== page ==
An Open Source iPad Display Adapter

Those fancy 2048×1536 pixel resolution displays found in the iPad 3 and 4 can be used for much more than high def Candy Crush and Netflix viewing. [Freddie] over in Southampton, UK built his own adapter to connect these high-resolution LCD panels to anything with a DisplayPort connection. It’s called OSCAR, and it’s the open source way to add a whole lot of pixels in a second (or third, or fourth….) monitor.

The LCD panels found in the iPad 3 and 4 don’t use the usual LVDS connection found in just about every other LCD panel ever made. It uses an extension of the DisplayPort protocol, meaning any graphics card with one of these ports already does the heavy lifting for this panel. The only other thing that’s needed is an adapter to control the power and backlight, which is easily handled by an ATMega32U4. This makes OSCAR Arduino compatible, making it easy to add sensors and USB playthings.

OSCAR is available on Kickstarter for £65 (~$100 USD) for the board itself. Adding to that, you’ll need to grab an iPad retina display through the usual channels for about $65. Not exactly cheap, but try finding another better-than-1080p display for that price.

Prop Replica Tesseract Case Has Some Serious Tech Inside

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[Dustin Evans] is a big fan of the recent Avengers movies — heck, we are too! So he decided to make this awesome Tesseract Case prop replica!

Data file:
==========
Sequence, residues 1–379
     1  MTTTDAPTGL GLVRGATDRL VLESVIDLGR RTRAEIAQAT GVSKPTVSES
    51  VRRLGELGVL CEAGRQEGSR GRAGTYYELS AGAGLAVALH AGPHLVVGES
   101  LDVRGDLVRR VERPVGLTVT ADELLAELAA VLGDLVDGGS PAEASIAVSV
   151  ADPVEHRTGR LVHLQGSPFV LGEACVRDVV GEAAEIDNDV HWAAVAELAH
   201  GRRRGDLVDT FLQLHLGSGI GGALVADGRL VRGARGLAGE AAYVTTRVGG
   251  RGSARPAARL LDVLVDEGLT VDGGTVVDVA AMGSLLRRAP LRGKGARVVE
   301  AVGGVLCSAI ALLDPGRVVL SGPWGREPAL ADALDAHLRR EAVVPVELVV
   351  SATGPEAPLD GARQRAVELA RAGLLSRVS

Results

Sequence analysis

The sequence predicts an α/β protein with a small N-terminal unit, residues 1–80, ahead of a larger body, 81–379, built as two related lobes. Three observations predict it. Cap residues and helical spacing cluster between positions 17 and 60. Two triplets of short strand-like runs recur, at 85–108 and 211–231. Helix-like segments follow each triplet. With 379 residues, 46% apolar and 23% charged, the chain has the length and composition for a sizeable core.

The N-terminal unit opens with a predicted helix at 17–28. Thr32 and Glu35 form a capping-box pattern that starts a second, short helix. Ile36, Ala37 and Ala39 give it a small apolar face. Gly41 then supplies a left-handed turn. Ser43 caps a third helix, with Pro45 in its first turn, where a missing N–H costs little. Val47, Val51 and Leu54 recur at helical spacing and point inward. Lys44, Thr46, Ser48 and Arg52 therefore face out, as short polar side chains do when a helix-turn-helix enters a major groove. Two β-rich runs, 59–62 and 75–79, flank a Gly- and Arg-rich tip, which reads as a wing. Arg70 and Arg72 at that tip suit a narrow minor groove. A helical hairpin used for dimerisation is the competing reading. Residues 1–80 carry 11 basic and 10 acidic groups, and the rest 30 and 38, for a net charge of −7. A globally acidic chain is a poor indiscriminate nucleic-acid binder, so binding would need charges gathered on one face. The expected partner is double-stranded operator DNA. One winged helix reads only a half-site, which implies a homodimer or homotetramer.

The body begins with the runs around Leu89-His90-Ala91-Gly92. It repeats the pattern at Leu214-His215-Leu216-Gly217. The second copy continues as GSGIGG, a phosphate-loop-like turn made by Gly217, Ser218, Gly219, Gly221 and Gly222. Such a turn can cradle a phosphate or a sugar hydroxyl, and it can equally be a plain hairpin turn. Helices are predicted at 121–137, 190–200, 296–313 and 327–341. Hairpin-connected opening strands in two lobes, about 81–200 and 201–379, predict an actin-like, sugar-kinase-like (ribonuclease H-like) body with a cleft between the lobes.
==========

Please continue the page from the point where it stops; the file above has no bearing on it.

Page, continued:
Tesser-what? A tesseract, or cubic prism is a geometric shape that is technically a four-dimensional hypercube — in the Avenger’s movie, it is an incredibly powerful and unstable alien energy source.

To make the replica, [Dustin] picked up a cheap aluminum tool case from the hardware store, took some measurements and began designing the inside of it using SketchUp. He’s crammed in an Arduino with a spectrum shield, a BlueSmirf Bluetooth modem, a Raspberry Pi, a 7″ LCD, speakers and an amp, a WiFi card for the Pi, and a few strips of Neopixels. It is running Raspbian with a stand-alone version of XBMC, which means using AllCast he can wirelessly control the box from a phone or tablet — now all he’s missing is a mini-generator that can put out a few million watts!

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